Free Society of Amateurs of Literature, Sciences, and the Arts

The following article is from The Great Soviet Encyclopedia (1979). It might be outdated or ideologically biased.

Free Society of Amateurs of Literature, Sciences, and the Arts

 

a literary and social organization in St. Petersburg during the years 1801-25.

The society’s members included I. M. Born, A. Kh. Vostokov, I. P. Pnin, A. E. Izmailov, A. N. Radishchev’s sons N. and V. Radishchev, and K. N. Batiushkov. During the early period (1801-07) a freedom-loving spirit prevailed; Radishchev’s ideas, as well as those of the French Enlightenment, were influential. Pnin’s treatise An Essay on the Enlightenment With Regard to Russia (1804) contained a bold exposure of slavery. After 1807 a conservative faction began to dominate the society. With lengthy hiatuses the society’s activity continued until 1825.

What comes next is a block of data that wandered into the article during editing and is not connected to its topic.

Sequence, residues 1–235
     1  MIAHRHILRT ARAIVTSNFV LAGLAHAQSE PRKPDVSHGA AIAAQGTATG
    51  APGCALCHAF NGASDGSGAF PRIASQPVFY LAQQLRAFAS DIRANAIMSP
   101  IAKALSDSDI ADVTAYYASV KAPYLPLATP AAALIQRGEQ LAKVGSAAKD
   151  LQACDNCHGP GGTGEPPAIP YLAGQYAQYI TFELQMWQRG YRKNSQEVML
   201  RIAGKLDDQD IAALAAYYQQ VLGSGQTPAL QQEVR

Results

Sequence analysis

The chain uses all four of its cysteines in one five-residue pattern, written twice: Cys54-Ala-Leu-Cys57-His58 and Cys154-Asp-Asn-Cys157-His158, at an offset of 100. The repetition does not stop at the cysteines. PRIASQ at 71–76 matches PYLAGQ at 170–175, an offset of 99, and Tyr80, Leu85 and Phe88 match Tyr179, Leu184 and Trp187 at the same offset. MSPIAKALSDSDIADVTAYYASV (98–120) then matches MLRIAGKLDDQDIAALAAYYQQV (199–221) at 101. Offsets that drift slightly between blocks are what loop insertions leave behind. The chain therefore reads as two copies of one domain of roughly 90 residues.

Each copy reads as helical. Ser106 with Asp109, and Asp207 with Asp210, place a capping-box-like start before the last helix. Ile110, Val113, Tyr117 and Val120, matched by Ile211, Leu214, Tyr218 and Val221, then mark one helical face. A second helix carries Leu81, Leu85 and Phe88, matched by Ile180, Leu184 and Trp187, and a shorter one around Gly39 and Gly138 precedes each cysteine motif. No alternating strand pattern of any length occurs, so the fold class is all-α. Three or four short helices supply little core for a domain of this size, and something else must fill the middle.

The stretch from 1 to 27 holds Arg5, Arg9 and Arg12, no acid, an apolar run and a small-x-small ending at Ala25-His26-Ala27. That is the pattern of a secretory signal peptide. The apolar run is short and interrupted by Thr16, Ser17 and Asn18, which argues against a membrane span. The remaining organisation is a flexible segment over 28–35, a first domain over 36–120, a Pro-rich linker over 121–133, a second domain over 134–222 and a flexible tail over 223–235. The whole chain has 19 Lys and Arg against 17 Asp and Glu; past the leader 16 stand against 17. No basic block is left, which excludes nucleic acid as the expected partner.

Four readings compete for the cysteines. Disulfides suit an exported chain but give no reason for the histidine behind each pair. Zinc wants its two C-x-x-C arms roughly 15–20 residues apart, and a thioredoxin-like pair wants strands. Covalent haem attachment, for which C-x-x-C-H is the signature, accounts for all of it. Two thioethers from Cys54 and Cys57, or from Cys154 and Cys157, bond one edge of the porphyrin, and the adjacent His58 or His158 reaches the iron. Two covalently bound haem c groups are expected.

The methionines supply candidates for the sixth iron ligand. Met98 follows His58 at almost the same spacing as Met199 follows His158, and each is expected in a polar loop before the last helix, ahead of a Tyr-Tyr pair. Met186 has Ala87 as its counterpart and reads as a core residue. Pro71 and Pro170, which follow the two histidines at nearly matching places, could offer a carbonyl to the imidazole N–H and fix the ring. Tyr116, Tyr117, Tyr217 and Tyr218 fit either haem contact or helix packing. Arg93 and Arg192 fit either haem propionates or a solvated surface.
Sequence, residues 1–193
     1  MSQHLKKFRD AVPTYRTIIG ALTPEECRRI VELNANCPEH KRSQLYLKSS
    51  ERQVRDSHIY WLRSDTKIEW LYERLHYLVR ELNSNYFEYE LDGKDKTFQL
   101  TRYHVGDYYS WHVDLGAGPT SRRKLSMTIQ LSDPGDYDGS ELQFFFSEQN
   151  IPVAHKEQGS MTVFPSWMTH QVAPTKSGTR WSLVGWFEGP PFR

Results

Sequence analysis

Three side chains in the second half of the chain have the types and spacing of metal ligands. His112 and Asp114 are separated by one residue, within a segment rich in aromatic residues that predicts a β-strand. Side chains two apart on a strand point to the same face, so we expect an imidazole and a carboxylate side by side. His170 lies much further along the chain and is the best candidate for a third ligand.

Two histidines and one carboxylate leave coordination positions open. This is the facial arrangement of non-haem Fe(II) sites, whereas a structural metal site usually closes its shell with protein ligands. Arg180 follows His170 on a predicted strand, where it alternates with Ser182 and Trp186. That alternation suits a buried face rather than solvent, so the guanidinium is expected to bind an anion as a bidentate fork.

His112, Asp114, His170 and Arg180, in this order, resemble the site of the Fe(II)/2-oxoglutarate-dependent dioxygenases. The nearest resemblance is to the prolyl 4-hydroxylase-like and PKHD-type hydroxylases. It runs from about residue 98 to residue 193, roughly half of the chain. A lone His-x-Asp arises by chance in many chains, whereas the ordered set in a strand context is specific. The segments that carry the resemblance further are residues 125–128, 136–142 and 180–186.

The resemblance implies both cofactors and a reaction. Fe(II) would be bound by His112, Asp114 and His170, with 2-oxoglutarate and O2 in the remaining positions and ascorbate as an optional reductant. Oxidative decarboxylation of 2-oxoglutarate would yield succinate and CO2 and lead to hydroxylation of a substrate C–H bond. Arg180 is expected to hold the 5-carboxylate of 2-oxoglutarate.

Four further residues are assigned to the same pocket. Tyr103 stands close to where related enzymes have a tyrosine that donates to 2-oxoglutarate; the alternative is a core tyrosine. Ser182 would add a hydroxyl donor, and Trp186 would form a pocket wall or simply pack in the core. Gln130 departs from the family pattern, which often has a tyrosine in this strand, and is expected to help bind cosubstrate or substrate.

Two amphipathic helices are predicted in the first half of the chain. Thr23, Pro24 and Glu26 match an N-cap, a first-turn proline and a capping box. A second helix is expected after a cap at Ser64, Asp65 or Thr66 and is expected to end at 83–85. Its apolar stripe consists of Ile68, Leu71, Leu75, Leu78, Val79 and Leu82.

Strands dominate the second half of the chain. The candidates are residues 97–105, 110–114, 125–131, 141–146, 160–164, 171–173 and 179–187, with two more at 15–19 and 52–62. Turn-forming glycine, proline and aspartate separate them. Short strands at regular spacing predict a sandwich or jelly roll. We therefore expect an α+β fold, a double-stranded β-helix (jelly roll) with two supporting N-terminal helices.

PUBLICATIONS

Poety-radishchevtsy. Edited with commentary by V. Orlov. Leningrad, 1935.
Poety-radishchevtsy, 2nd ed. Leningrad, 1952.

REFERENCE

Orlov, V. N. Russkie prosvetiteli 1790-1800-kh godov, 2nd ed. Moscow, 1953.
The Great Soviet Encyclopedia, 3rd Edition (1970-1979). © 2010 The Gale Group, Inc. All rights reserved.
Full browser ?